cheap labor, plentiful SIM cards, proxy servers, and
A fake social media account creation program called Jarvee even software such as “Jarvee,” one of dozens of
promises users “rapid growth,” Facebook’s bread and butter.
programs that can create realistic fake social media
accounts in an automated manner. Jarvee’s web-
site claims that it can help, “Grow your business with real Facebook followers,” whose
fake posts can be scheduled in advance, linked to hashtags, assigned to join Facebook
Groups, and more.

Taking all of these factors into account, we estimate that 50% or more of Facebook’s
current MAUs are actually fake. Facebook has already disclosed that since Q4 2017,
as a conservative estimate, it has deleted 2.841 billion fake accounts on a network
purporting to have 2.271 billion current MAUs, amounting to 55% of all accounts
ever created. Whether or not our estimate (only 14.2% higher than what appears to
be Facebook’s transparency portal disclosure for Q2 2018) is precisely correct, the
proportion of fake accounts will, without question, increase over time,109 competing
for the attention of fewer and fewer actual users. Artificial intelligence cannot solve

106 In 2011, a Facebook employee wrote of the lenient sign up process responsible for countless fake accounts, “some of
you have noticed that we don’t always require a phone verification for an account. This is a security feature designed to
prevent spam and fake accounts that is only triggered when certain conditions aren’t met.”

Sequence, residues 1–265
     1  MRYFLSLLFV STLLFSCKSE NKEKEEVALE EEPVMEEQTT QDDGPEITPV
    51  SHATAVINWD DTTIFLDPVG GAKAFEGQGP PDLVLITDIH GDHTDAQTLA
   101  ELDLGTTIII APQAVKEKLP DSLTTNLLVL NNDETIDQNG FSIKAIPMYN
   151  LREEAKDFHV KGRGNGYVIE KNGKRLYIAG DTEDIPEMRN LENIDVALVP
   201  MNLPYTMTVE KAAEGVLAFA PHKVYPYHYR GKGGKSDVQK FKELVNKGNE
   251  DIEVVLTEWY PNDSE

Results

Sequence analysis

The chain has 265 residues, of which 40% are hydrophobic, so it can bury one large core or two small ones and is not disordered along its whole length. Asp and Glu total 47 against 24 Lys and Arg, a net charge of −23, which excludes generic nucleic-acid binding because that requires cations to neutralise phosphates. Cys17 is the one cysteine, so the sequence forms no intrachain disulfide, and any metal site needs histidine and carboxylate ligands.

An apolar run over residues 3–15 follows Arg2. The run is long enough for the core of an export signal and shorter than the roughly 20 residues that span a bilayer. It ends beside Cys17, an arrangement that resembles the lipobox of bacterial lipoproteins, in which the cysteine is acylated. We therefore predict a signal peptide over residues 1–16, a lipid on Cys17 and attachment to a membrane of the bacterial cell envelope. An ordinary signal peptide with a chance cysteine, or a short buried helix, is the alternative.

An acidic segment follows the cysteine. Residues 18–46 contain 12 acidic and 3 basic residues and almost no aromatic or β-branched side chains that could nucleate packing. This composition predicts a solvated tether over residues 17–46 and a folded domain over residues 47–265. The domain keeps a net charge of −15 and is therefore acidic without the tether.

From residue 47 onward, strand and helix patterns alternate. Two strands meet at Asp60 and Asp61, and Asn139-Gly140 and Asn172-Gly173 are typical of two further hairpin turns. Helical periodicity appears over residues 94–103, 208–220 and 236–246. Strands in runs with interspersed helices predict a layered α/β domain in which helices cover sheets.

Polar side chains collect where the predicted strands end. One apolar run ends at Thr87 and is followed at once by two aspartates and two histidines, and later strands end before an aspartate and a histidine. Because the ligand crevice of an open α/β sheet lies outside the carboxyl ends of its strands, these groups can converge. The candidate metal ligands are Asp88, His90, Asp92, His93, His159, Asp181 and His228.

107 The Chicago Tribune, May 4, 2018, “Facebook crackdown on fake accounts isn’t solving the problem for everyone.”
108 NBC News, July 26, 2018, “Fake Facebook profiles cause heartbreak for families and colleagues.”
109 Malik, Om, February 16, 2018, “Facebook’s Fake Account Problem Is Getting Bigger.”

Reality Check 55
this problem; at this stage it is simply far too late to put the genie back into the bottle.

After all, Facebook’s policies since 2005 have encouraged the unchecked proliferation
of content and user accounts, euphemistically described as “sharing,” and the entirely
predictable result has been the creation of the world’s largest digital toxic waste dump.
It should not come as a surprise that the company no longer wants to disclose what it
has found in its database—or that it may not want to look at all. Instead, Facebook’s
leadership is more desperate than ever to show growth at precisely the time when
it should be focused on shrinking the company’s footprint. Yet if Mark Zuckerberg
were to finally make network quality too high of a priority, the implications would be